To be sure, each House of Congress has power to “determine the Rules of its Proceedings.” Each house can thus determine how much debate to permit, whether to allow amendments from the floor, and even to require supermajority votes for some types of proceeding. But House and Senate rules cannot dispense with the bare-bones requirements of the Constitution. Under Article I, Section 7, passage of one bill cannot be deemed to be enactment of another.
The Slaughter solution attempts to allow the House to pass the Senate bill, plus a bill amending it, with a single vote. The senators would then vote only on the amendatory bill. But this means that no single bill will have passed both houses in the same form. As the Supreme Court wrote in Clinton v. City of New York (1998), a bill containing the “exact text” must be approved by one house; the other house must approve “precisely the same text.”
These constitutional rules set forth in Article I are not mere exercises in formalism. They ensure the democratic accountability of our representatives. Under Section 7, no bill can become law unless it is put up for public vote by both houses of Congress, and under Section 5 “the Yeas and Nays of the Members of either House on any question . . . shall be entered on the Journal.” These requirements enable the people to evaluate whether their representatives are promoting their interests and the public good. Democratic leaders have not announced whether they will pursue the Slaughter solution. But the very purpose of it is to enable members of the House to vote for something without appearing to do so. The Constitution was drafted to prevent that.
So we have the Speaker of the House advocating a procedure which is unconstitutional, on the basis that it is politically expedient to subvert the requirements of the Constitution. As ignorance of the Constitution is no defense, it would appear that Pelosi is consciously violating her oath of office in pursuing the Slaughter Rule.
This isn’t an altogether bad thing, in that this overreach will almost immediately end up in court, on a fast track to a U.S. Supreme Court which will not be friendly to such machinations and as such Obamacare will in all likelihood be found unconstitutional in whole as a result of the procedure used to put it in place – and none of it will ever go into effect even if Pelosi does manage to drag its bloated carcass through the House of Representatives by whatever means she can.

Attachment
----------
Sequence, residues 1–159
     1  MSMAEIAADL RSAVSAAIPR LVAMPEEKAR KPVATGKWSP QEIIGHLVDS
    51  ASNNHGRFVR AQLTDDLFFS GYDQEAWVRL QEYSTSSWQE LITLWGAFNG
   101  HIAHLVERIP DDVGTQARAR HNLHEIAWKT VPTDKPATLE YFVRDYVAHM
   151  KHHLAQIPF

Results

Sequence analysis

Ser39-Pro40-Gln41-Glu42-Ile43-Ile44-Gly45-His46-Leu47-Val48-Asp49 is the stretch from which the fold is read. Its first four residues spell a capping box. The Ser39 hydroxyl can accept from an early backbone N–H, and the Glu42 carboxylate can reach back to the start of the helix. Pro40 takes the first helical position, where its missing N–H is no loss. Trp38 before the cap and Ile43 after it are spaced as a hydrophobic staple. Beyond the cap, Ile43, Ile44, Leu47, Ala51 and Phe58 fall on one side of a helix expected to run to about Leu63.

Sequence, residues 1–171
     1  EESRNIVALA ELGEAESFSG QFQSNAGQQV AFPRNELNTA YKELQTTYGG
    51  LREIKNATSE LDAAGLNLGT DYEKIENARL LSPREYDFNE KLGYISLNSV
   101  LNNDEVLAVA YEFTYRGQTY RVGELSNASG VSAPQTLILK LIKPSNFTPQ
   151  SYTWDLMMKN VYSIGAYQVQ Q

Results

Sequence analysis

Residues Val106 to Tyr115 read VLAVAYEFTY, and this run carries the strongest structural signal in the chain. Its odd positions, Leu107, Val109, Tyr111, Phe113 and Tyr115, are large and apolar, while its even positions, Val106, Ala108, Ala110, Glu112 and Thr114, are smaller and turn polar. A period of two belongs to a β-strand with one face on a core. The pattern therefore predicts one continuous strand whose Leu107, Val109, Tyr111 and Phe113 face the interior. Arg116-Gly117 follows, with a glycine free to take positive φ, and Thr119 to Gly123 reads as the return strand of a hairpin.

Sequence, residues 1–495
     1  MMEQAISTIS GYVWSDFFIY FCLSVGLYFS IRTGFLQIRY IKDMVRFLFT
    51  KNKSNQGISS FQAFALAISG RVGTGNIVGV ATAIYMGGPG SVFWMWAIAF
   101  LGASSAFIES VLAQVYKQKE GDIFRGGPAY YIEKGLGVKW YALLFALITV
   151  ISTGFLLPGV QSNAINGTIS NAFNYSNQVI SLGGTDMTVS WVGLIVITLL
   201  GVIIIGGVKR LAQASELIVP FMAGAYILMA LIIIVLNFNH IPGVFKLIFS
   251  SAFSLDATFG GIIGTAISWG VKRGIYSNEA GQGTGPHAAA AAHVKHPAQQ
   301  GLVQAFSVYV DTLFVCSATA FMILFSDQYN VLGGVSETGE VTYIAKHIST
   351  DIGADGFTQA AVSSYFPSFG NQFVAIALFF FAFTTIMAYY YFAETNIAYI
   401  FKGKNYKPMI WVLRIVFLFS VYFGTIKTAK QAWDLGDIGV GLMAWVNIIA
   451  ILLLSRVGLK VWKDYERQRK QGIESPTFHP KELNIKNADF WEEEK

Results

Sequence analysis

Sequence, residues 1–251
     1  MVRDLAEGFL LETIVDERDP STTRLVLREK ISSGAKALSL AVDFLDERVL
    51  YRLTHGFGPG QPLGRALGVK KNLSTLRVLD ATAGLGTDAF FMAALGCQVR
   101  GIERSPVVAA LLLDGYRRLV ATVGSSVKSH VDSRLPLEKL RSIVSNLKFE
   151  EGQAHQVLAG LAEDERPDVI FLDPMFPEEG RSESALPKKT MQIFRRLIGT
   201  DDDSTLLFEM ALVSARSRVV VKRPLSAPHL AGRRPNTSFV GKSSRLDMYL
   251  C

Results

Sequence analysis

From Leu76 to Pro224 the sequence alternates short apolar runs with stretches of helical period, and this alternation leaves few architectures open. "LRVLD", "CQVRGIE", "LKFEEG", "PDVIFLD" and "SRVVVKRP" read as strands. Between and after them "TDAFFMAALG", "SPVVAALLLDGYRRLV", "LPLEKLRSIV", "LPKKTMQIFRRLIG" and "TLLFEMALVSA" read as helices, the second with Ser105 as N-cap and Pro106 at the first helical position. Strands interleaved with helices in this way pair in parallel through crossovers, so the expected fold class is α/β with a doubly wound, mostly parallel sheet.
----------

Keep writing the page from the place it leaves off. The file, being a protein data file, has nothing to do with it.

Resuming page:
Should that happen, however, and the Republicans manage to take control of the House of Representatives – which a great many observers are now finding to be likely if not inevitable at this point – one question should be whether Pelosi should be brought up on charges and either censured or even expelled. It takes a two-thirds vote to expel a House member, and that’s a tough row to hoe even for a new GOP majority. On the other hand, depending on the makeup of what’s left of the Democrat caucus in the House after the November elections it’s entirely possible that Pelosi’s popularity with those members might be at an extremely low ebb – after all, she will be blamed for the Democrats’ electoral holocaust in November when it comes and it’s entirely possible many Democrats won’t want her around. Besides, it only takes a majority vote to censure a House member, and the Republicans would have that number. Between the Slaughter Rule debacle and her unforgivable lies and calumnies against the CIA, sufficient justification certainly exists for that measure.
UPDATE: Tony Blankley at the Washington Times agrees:
It speaks to the sturdiness of the system our Founders installed that it is, as intended, so resistant to passing major legal and cultural changes against the overwhelming will of the public. It is so resistant that in frustration, the Democratic speaker of the House has been driven to consider breaking her oath of office and violating the Constitution in order to get her way. Presumably, when she is better counseled, she will dismiss this wayward idea.
Should she follow through on her threat, however, the product would not be a law, but a nullity – an aborted, inert thing.
It would be, in essence, an attempted congressional putsch against the Constitution.
But still our governing system would not be broken as long as the president did his constitutional duty – as assuredly he would – and neither signed nor vetoed it – but rather, publicly declared it a nullity, tore it up and burned it, as one would a piece of trash.
I refuse to conjecture on any alternative action by the president.